It has been said we live in a throw-away culture. We throw away vast quantities of garbage, of time, of valuable natural resources. This throw-away culture, unfortunately, has seeped into our modern approach to marriage, and too often we see couples throwing in the towel because they “grew apart.”

However, every marriage that ends leaves a part of the couple behind. Sometimes, this leaves a lasting impact on just the individuals; other times, the impact is felt on other family members.

For those committed to their marriages, and firmly believing “‘til death do they part,” the peaks and valleys of marriage can feel lonely and isolating, as they see their counterparts readily abandoning this institution for single-hood. It is my hope perhaps these five steps can help another spouse recognize the inherent worth of their union of matrimony.

1.) Think about your spouse throughout the day, identifying their strengths. I recently did a project in early February where each day I wrote an attribute I loved about my spouse on a construction paper heart, and placed it on our bedroom door before he came home in the evening. Some days finding an attribute was more difficult than other days; yet, identifying the little parts of his personality which I loved reminded me why I fell in love with him, and helped me fall in love even more. While you don’t have to do a project, instead find a strength you like about your spouse every day, and find a way to let them know what you love about them.

2.) Prioritize time with your spouse – alone. If you have difficulty finding a babysitter, spend some time together after the children are tucked into bed. This time together is for you to intimately connect – either emotionally or physically. This doesn’t have to take place every day, but the majority of experts agree this should be done at least once a week. It doesn’t have to take a lot of time, either – even twenty minutes of a conversation, uninterrupted by the pitter-patter of little feet or the tugs on your sleeves, can help re-charge your relationship batteries, and help you share your visions, dreams, and goals of the future, together.

3.) Don’t be shy to read about ways to keep your relationship solid and firm. Self-help books by Dr. John Gottman are easy to read, and extremely insightful. There is also a reason “Men are from Mars, Women are from Venus” by John Gray, PhD remains so popular. It gives each sex a clue into the inner workings of how to communicate, and relate, in a manner which is relatable, entertaining and informative! And, if you get stuck in a rut, don’t hesitate to reach out for help from a trusted friend, or even a counselor. Nobody has “all the answers,” and just like every individual is unique, every relationship and marriage is unique. Therefore, when we seek out other ideas – some of which we may use, others of which we know won’t work – we are fostering a climate devoted to keeping a marriage and family intact.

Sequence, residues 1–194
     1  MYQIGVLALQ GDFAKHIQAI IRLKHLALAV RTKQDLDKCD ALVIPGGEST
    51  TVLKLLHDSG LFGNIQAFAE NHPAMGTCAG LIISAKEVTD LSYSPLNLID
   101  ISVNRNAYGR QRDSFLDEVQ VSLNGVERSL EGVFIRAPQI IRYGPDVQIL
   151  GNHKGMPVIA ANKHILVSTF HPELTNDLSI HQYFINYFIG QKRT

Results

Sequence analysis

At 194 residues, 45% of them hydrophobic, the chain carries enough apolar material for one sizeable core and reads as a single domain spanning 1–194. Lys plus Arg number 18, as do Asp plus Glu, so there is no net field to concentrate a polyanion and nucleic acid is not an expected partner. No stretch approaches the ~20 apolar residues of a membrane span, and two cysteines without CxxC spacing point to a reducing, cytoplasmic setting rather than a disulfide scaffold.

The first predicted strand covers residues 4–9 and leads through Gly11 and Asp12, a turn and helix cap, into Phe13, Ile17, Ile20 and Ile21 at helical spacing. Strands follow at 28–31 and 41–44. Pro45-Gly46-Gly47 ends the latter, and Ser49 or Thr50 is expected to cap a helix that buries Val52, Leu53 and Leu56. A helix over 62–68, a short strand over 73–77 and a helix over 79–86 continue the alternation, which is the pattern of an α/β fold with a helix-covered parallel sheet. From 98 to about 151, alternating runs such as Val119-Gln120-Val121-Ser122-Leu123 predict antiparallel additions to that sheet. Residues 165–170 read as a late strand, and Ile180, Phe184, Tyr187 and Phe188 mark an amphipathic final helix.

4.) Recognize you only have control over yourself. Knowing we are unable to control someone else’s thoughts, feelings, behavior and actions relieves an emotional burden from our shoulders. We may not always like what our spouse does, nor will we always do things the same way as our spouse; however, focus on what you can control– your reaction to a situation. If your spouse reacts to something in a violent manner, remember, abuse is never justified, and you do not have to continue taking abusive behavior because of your marriage.

5.) Look in the mirror. None of us are perfect, and while we may want to get together with our peers and compare how our husbands are failing us, we need to be honest with ourselves. We may be tired, feeling overworked and stressed. We may feel the weight of our family bearing down on our shoulders. But, have we stopped to account for how our husbands are feeling? Have we spoken to them to see if they are also feeling tired, overworked, and stressed? Take a moment to recognize the contribution your spouse is making to the family team. And have an open discussion about your feelings, rather than pointing a finger at what you perceive is their failings.

Marriage is a beautiful institution. Studies indicate those living in happy, healthy marriages tend to live longer than their single peers.

But, it takes work…

…to make a marriage happy…

…and to keep a marriage.

These five simple steps are worth considering, especially when we are committed to not throwing away such a meaningful relationship as marriage.

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AnnAliese Harry

AnnAliese is a proud Army wife and mother to two young children. She has a BA in History, a Masters in Social Work, and has worked extensively with children and families in both clinical settings and as a case manager. Since the birth of her children, she has taken a hiatus from paid employment, and devotes time to volunteering at whichever military chapel the family attends. She currently blogs about topics of faith, parenting, and military life at You can follow her on Twitter, on Instagram or on Facebook at A Beautiful, Camouflaged Mess of A Life.  

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